Eyes and ears at Santa Maria in Trastevere

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Each time you approach Piazza Santa Maria in Trastevere, Roma, its sultry light, shadows, pontifically gesturing statues and earthen tones strike you differently. All change according to mood: yours and its.

The basilica gained a new portico in 1702 when architect Carlo Fontana studded the entrance walls with stele bearing ancient inscriptions. Above the entrance’s balustrade are four figures rudely frozen by a sculptor during the dance of their oration: Saints Callisto, Cornelio, Giulio, and Calepodio, attracting attention of all flocking through their piazza.

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Stepping inside for the first time a mosaic from the Byzantine era confirms your suspicion of having left Rome’s baroque façade for another existence, one no longer capable of imposing any chronological disparity. Our tendency to believe in a myth of progress is dispelled as time flows here as a presence uniting images and forms covering half a millennia.

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Pietro Cavallini, a contemporary of Giotto’s, avoided the style that his Tuscan based colleague would develop by lessening an unnatural divinity in his subjects’ representation through gestures and spatial perspective. Cavallini’s Christ captures a late Byzantine expression that implicates mystical transcendence.

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I first arrived in Roma armed with a folio of blank music paper to fill with new compositions during the summer of 1979. It lay untouched as the piazza drew me into its fold and one day, a spontaneous music overcame me at 6:15 pm as nearby bells became unchained and found me rushing down from the attic on via della Cisterna to a full immersion into their sound. A forceful insistent rhythm excited a layer of overtones that embraced every square inch of the entire piazza’s acoustic space, etching itself into body and being. I sought to arrive daily at that hour as a purification rite and returned a year later armed with a cassette recorder to capture a force that my musical sketches hadn’t a chance in Hell of approaching.

Following three cycles, a single melancholy tone dissipated the accumulated din, to emerge as a fading tender nothingness, soothing in its ebb. An entranced state switched as one’s consciousness was dragged into an undesired reality.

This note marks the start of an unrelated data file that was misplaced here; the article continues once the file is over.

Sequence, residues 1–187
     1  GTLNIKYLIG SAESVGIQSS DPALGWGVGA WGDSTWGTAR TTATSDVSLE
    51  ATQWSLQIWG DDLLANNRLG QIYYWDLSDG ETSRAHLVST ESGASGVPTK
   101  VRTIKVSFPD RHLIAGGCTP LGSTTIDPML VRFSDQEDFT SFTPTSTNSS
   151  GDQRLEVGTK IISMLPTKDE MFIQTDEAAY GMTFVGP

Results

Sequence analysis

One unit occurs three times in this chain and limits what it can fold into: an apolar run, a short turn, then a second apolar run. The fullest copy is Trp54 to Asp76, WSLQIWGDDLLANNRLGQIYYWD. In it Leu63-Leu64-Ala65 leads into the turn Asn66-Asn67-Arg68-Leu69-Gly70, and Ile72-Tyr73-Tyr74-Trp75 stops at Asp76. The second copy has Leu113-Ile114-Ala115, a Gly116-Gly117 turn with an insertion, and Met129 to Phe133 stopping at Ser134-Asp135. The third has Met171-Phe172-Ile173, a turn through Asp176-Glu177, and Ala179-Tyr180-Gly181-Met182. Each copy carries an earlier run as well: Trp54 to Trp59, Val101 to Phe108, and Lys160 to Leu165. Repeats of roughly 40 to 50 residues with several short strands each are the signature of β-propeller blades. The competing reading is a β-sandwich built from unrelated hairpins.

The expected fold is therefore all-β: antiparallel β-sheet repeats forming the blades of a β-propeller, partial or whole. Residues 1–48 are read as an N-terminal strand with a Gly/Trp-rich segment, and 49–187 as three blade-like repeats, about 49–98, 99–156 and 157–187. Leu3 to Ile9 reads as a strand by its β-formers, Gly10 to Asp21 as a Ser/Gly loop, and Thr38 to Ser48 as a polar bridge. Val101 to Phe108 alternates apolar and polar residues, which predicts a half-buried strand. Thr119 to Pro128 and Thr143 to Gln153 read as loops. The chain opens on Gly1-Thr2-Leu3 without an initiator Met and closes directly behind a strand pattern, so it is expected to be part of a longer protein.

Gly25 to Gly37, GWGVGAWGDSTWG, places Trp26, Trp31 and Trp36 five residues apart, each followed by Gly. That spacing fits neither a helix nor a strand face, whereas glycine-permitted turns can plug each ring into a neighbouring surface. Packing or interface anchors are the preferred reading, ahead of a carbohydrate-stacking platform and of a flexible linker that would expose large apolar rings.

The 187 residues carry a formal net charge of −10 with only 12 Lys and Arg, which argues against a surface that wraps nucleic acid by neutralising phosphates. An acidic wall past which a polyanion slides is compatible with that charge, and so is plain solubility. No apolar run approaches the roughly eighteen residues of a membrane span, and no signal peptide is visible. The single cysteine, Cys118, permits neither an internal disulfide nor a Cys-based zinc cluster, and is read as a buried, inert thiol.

On a return visit in 2011 one crucial bell was missing: the former celestial havoc was now reduced to a cheapened impotence. After searching for the cassette recording, it turned up on a few leftover minutes following a 1980 visit I taped with the 79-year-old pianist Aldo Mantia who described significant secrets about his teacher Vladimir de Pachmann that he discovered in the 1920s.

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Other sounds unique to Roma caught Franz Liszt’s ear.

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Liszt experienced the city by living in its center, atop Monte Mario, and in Tivoli at the Villa d’Este. Aside from courting the Vatican to obtain a divorce for his mistress, he heard the zampognari (bagpipers) who annually descended at Christmas from their mountain towns, walking all the way into Roma’s historic center, playing novenas and holiday airs.

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Liszt was so taken by the music that he orchestrated selections into his Christus Oratorio, a work considered  by Busoni to have been Liszt’s masterpiece (so claimed his pupil Edward Weiss in a conversation we once had).

 

Soon after Liszt’s passing in 1886, a pre-mic recording horn captured the festive music in a 1916 studio session by unnamed performers who play a Pastorale. One imagines that they very well could have been in their thirties or older at the time of the recording and had learned this musical tradition from their shepherd fathers. The striking resemblance may very well represent the playing that attracted Liszt. But take it with a grain of salt: miracles often risk being unmasked as mirages.

 

–Allan Evans ©2013

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